As with any new venture, the personality and attitudes of the people who start the project leave an indelible impression and influence the way it is perceived by history. Maccauvlei was fortunate to have a number of strong and colourful people involved in its establishment and they laid the foundation to a famous Club.
The first Chairman was "Buck" Buchanan of the Chamber of Mines (who gave his name to the Buchanan Memorial Trophy which is still played for today). He was a remarkable man with a most eloquent turn of phrase. He wrote a weekly article for The Star under the name "Caddie". On occasion he would describe courses in England and Scotland in great detail despite the fact that he had never seen them.
"Buck" was the Club's Chairman and President for the period from 1926 to 1946. He presided at the Annual General Meeting, a formal black tie evening dress dinner, held at Dormy House. Slips of paper were handed out to a few members disclosing the names of those to be elected to the committee. The names were chosen by the Marks brothers and nobody dared to make any counter proposal. The diners then adjourned to the octagonal dance hall and partied until the early hours, mostly to the music of George Spence. Often, some midnight bathing took place and the attire of some of the men or lack of it can best be left to the imagination.
"Buck" was held in high esteem, so much so that when he decided to retire down to Durban in 1936, he was unanimously asked to retain the presidency, and thereafter used to make the trip up to Maccauvlei every quarter to chair the meetings.
The Club Secretary, Frank Grey started off as a sailor. He then joined the ERPM gold mine. The transition was apparently somewhat traumatic and in a fit of dejection, he decided to commit suicide in Boksburg Lake. Fully clothed he walked into the lake. However, when the water reached his chest, it was so cold he changed his mind and walked out again. The experience may have sharpened his judgement because he went on to become one of South Africa's first choice cricket umpires. He was persuaded to occupy the post of secretary at the Maccauvlei Golf Club, and accompanied by his beloved wife, Kate, took up residence in the first cottage. They were elected honorary members with an entertainment allowance of £10 a month.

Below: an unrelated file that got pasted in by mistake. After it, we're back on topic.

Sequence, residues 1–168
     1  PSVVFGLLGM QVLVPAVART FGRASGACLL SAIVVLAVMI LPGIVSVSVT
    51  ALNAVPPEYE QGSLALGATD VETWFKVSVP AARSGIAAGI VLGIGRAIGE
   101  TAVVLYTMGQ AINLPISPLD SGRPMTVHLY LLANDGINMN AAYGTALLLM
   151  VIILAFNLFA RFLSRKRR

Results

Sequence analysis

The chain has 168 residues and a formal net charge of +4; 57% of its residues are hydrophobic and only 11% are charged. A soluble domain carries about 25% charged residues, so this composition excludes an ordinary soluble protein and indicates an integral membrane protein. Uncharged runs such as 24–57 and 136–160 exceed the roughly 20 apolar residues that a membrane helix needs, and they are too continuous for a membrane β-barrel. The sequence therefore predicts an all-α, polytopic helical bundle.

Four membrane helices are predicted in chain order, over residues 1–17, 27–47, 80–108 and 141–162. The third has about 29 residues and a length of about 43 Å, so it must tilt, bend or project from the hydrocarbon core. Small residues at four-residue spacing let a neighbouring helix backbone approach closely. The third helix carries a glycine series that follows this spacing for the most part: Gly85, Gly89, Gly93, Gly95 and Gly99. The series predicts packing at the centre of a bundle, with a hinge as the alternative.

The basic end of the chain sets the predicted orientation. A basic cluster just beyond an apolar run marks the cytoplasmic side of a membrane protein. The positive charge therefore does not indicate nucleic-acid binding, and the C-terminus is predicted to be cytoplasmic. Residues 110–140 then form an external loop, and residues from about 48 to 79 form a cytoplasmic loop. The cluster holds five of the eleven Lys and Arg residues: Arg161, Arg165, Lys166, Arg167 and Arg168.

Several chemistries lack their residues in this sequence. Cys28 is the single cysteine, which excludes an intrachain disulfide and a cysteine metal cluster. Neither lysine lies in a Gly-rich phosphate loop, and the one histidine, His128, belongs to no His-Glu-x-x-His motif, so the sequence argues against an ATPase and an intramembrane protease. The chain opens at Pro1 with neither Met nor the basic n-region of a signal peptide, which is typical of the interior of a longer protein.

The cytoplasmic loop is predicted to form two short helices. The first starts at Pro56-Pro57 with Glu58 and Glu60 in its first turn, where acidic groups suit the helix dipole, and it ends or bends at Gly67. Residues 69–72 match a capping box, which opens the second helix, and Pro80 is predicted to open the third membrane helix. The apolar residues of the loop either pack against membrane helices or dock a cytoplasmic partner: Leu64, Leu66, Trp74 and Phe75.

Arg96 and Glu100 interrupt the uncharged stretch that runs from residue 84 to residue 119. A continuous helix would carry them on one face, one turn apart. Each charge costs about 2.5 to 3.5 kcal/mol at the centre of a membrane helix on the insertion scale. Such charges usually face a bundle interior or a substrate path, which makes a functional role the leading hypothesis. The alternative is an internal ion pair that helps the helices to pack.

Frank was a meticulous man, always immaculately dressed. He demanded the same from members and
nobody was allowed to enter the Clubhouse unless they were wearing a tie and jacket. Maccauvlei had become a high class club and Frank Grey ran it as such. However, there was another lighter side to his character.
On one august occasion of the AGM, Frank introduced the singing of "John Brown's Donkey had an India Rubber Tail". He stood on a chair and using a fork as a baton, conducted the singing. The procedure was that after each phrase the last word was left out and the balance mimed to the baton until there were no words left. When he stepped from his chair there was loud applause and much merriment. By popular demand, this event became an institution and took place every year until he retired.
Kate died at the Club and shortly thereafter, Frank after serving as Secretary for twenty years, retired to Durban where he died some years later. His portrait hangs in the entrance hall.
The Chief Steward
The Chief Steward, Harry Braverman, managed Dormy House. The meals he served were first class and established a tradition for fine cuisine that is still maintained by the Maccauvlei Conference Centre today. Another important portfolio he had, was to preside over an excellent wine cellar that had been laid down in the early years and was generously stocked with liquors and wines, both local and imported. This too is maintained by the Centre, strongly aided and abetted by the Anglo American Group's ownership of the Boschendal and Vergelegen wine estates. Like Frank Grey, Braverman was a stickler for quality and the maintenance of high standards and he made sure the cutlery, crockery and napery were of the finest quality.